>I am also a little uncomfortable with this paragraph. It sounds too much
>like the old joke: "I wasn't there, I didn't do it, and you can't prove

     Somehow I fail to see how this comment fits in here. By way of
correction, however, R. Qafeh's comment is taken from his article in
the Army Rabbinate's journal Mahanayyim, Vol. 98, pp. 68-71 (5725),
on the position of the woman in Yemen. I recommend this article as an
important source material for our discussion, as well as the other
articles in the volume, which is devoted to the subject of the woman
in the Jewish sources. Rabbi Qafeh is one of the most outstanding
authorities on the Rambam and Yemen Jewry today. His monumental work is
his comprehensive commentary on the Mishne Torah, of which 17 volumes
(up to Sefer Neziqin) have been published so far since 1984.

                               *  *  *

     In Vol. 14, No. 90, Leah Gordon and Conny (Chana) Stillinger take
offense to what I wrote, in a way that I believe betrays values that
are quite foreign to the Torah perspective on marriage. Since these
values are themselves part of the modern frame of mind which so often
accompanies marital discord, I think it would be worth devoting a
separate post to this ideological conflict. Thus, Part 2 will take up
their comments, and Part 3 will attempt to give a brief presentation
of the Rabbinic perspective on marriage.




From: Sam Juni <JUNI@...>
Date: Fri, 2 Sep 1994 18:12:15 -0400
Subject: Yeshiva Sex Education or Not

  The recent discussion about dating in the frum community brought up the
  question of the adequacy of the socialization of our youth toward
  ultimate marital adjustment.  While the primary issue here is basically
  one of interpersonal behavior, there seems to be an undercurrent
  question of sexuality as well.  I just met a prominent Yeshivish
  Psychologist/ educator, who told me that he had brought up the proposal
  of having formal sex education to the brass of Torah U'Mesorah years
  ago.  The response he got: "If looks could kill...."  I ran the issue by
  several colleagues, and I summarize the comments:

  It seems clear that we do not want our children to acquire sexual infor-
  mation from the "street" or from much of the published literature avail-
  able to youngsters today, as these sources come with an alien value
  system.  The question is: Are we providing an alternative?

   Is the lack of systematic sex education in contemporary Yeshivos
  affecting the adjustment of students, as well as adolescent / adult
  graduates, as compared with the public school educated population?
  Yeshiva students are left to fend for themselves in accumulating
  information in this realm, much as American youngsters did several
  decades ago.

     Do our youngsters do worse in their quest for information than did
  American youth before sex education appeared in the Public School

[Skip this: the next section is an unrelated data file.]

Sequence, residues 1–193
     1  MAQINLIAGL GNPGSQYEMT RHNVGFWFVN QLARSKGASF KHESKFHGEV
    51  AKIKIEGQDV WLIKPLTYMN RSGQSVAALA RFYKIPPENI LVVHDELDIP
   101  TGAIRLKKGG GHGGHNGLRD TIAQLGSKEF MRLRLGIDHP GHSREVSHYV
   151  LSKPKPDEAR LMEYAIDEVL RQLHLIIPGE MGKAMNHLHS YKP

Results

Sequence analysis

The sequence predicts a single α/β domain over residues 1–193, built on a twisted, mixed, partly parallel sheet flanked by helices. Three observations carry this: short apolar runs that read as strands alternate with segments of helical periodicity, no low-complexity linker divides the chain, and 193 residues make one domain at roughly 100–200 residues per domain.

curricullum?  Some related ideas:
    a) The available literature in the frum community is deficient. More-
       over, the religious literature is often limited to tidbits about
       perversions and prohibitions.
    b) Our own (sub)culture's norms of Tznius (modesty) augments the
       social taboo to the point that misinformation is more likely,
       possibly increasing the chance for dysfunction to occur.

      What is the quality of sex education which IS offered to students
  who are engaged to be married? Are these run professionally?  Are there
  standards for credentialing the instructors and the curricullum?  Some
  conversants deplored: a) the closed (vs. open) class formats, b) the
  reports that the instuctors in these Choson/Kallah classes often blend
  Hallachos, "common sense", and personal attitudes, but students
  interpret the whole package as THE Torah approach erroneously, One
  fellow describes these classes as "too little, too late."  c) The lack
  of alternate classes for student who are not engaged.  From what I
  gathered from those professionals who work most with children (normal
  ones, not the maladjusted), the lack of sex education for frum children
  (as contrasted with the public school population) is felt not so much in
  the lack of information, but in the lack of opportunity of youngsters to
  discuss sexual issues, anxieties, and questions openly in a healthy

    While it can be argued that the home is the appropriate forum for such
  education, this approach is questionable for the general population.
  Our community, with its additional taboos, hardly can be expected to be
  more forthcoming with our children than the more "liberal" folks out

    Statistics? There are none.  The taboo in this area extends to
  responding to surveys or to casual information sharing.  One therapist
  argued that there is significant sexual maladjustment among our
  community.  More troubling, sexuality remains taboo throughout life for
  a large number, often stilting marital life even if no "problem" is

    On the positive side, I have found in my practice that it is rare that
  Yeshiva couples ever present sexual compatibility as THE problem in
  marital disputes.  The flip side of this could be, however, that sexual
  satisfaction is not an acceptable goal to begin with, and is thus not a
  source of major complaints.

  One kibbitzer found it curious that Hebrew is non-specialized in sexual
  terms.  Perhaps it is a corrolary of the culture to leave these matters
  to the implicit realm, rather than engage them overtly.  There is also
  the notion that the topic may be inappropriate for a class or public
  forum (Cf. "Ein Dorshin" in Talmud Chagigah).


End of Volume 15 Issue 29